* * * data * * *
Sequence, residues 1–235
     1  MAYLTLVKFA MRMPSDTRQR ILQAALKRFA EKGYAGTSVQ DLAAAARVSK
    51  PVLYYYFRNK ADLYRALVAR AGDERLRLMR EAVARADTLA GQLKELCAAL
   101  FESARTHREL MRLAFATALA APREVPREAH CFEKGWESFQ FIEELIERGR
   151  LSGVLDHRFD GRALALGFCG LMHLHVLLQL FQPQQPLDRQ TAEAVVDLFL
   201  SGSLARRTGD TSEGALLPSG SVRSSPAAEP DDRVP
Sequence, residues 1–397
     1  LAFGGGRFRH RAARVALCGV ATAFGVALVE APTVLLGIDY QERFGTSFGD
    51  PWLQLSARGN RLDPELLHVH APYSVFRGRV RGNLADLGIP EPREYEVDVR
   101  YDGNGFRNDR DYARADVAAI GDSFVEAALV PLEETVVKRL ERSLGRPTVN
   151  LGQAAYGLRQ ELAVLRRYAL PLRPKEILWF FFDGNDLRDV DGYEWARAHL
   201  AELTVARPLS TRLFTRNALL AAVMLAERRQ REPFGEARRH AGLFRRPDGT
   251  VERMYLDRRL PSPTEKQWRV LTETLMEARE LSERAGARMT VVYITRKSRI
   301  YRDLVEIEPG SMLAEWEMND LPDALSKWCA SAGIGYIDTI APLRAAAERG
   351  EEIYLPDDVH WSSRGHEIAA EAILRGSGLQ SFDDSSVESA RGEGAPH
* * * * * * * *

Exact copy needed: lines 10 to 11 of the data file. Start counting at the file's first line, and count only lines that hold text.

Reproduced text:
   101  YDGNGFRNDR DYARADVAAI GDSFVEAALV PLEETVVKRL ERSLGRPTVN
   151  LGQAAYGLRQ ELAVLRRYAL PLRPKEILWF FFDGNDLRDV DGYEWARAHL